World

Australian student protests show US campus divisions over Gaza war are going global

May 02, 2024
The first tents went up at the University of Sydney on April 23, now there are around 50
The first tents went up at the University of Sydney on April 23, now there are around 50

BRISBANE — The grassy expanse of the University of Queensland’s Great Court has long been the center of student life at the Australian state’s biggest university.

Now it’s a gathering point for rival camps pitched around 100 meters (328 feet) from each other – one populated by supporters of the Students for Palestine UQ, and another smaller cluster of tents with the Israeli flag among others strung between trees.

These camps are among protest sites at seven universities around Australia – from Melbourne and Sydney in the country’s southeast, to Adelaide in its center, and Perth along the western coast.

They were erected in solidarity with Palestinians under Israeli siege in Gaza and student protesters in the United States, but some Jewish groups say they’re causing unnecessary tension on campus and the country’s federal opposition leader has called them “racist” and “antisemitic.”

So far, violent scenes that have erupted at universities across the US involving protesters, counter protesters and law enforcement have not been repeated in Australia. But some students worry events could move in that direction.

At the pro-Israel “Camp Shalom” at UQ in Brisbane, Jewish students said they were on edge after strangers came into the camp and spat on a sign attached to a tree that reads “Zionist and proud.”

From the other side of the Great Court, Liam Parry from Students for Palestine UQ camp said, “We’re here to speak up for Palestine and we’re not interested in people trying to provoke a fight or anything like that.” He said there’d been no interaction between the two opposing camps. “We’ve basically been ignoring them,” he added.

Meanwhile, at Monash University in Melbourne, Students for Palestine organizers said in the early hours of Thursday, a group of 12 people wearing Australian and Israeli flags tore down Palestinian flags and trashed the camp kitchen. “We will not be intimidated by these people,” said Students for Palestine Monash representative Madeline Curkovic.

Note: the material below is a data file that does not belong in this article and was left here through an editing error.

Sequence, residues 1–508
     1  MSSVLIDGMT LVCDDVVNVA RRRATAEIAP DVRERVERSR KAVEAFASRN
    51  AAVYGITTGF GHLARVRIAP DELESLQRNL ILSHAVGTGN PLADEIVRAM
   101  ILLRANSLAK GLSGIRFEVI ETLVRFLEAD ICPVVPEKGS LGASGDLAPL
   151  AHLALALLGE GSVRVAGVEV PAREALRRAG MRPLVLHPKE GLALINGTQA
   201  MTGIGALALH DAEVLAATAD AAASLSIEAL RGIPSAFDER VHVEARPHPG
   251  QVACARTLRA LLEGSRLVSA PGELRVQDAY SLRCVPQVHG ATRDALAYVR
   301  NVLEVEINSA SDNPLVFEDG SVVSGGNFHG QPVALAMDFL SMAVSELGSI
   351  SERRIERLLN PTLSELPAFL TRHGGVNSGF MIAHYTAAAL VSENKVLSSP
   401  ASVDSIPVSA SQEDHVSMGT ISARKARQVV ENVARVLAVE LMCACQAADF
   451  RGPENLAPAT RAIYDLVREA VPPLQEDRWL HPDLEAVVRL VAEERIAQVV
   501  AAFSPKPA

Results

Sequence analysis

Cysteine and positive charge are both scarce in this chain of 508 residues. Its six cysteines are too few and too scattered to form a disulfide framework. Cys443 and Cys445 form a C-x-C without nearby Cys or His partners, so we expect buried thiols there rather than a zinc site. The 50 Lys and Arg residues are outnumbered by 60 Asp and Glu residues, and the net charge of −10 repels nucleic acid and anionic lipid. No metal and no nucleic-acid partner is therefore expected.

And at the nation’s biggest camp, simmering tensions could flare on Friday, when Jewish groups hold the first major counter-rally at the University of Sydney (USYD) under the slogan “March for a safe campus.”

“We are uniting to urge the University of Sydney to take decisive action to foster a safe and inclusive learning environment for everyone,” said the event organizers Together for Israel and Stand With Us.

In response, the Sydney branch of Students for Palestine issued a call-out on Facebook to “defend” the camp. “We need everyone to come to the camp tomorrow to defend it from a Zionist rally that is being organized to intimidate us,” it said in a post. “Our cause is one for justice and peace!

Members of Students for Palestine told CNN their protest “encampment” includes a diverse array of students and does not tolerate any form of discrimination.

About 50 tents line the quadrangle at the University of Sydney, where up to 100 protesters are sleeping each night. It’s been relatively peaceful so far. The students are mindful of scenes in the US, where police have made hundreds of arrests on campuses across the country and have sent officers to clear camps and building occupations.

“I think we’re very concerned to see a repeat of the scenes in America, which have been truly horrifying,” said Shovan Bhattarai, a 25-year-old USYD history student.

Jasmine Al-Rawi, convenor of the USYD Students For Palestine, said they’ve planned a “peaceful, static demonstration.”

“We want to just stay here, to say that we have a right to protest peacefully, here on our campus, and demand an end to a genocide,” said 21-year-old Al-Rawi, who studies architecture.

But Jewish groups say USYD is not a safe space as long as the protests are allowed to continue and have called supporters to march against what they call “a disturbing trend of antisemitic and anti-Israel activities” at the university.

The invitation to Friday’s counterrally points specifically to a video that circulated on social media last week that showed children attending an organized excursion to the pro-Palestine camp, during which a child led chants of “intifada,” the Arabic word for uprising, and “from the river to the sea.”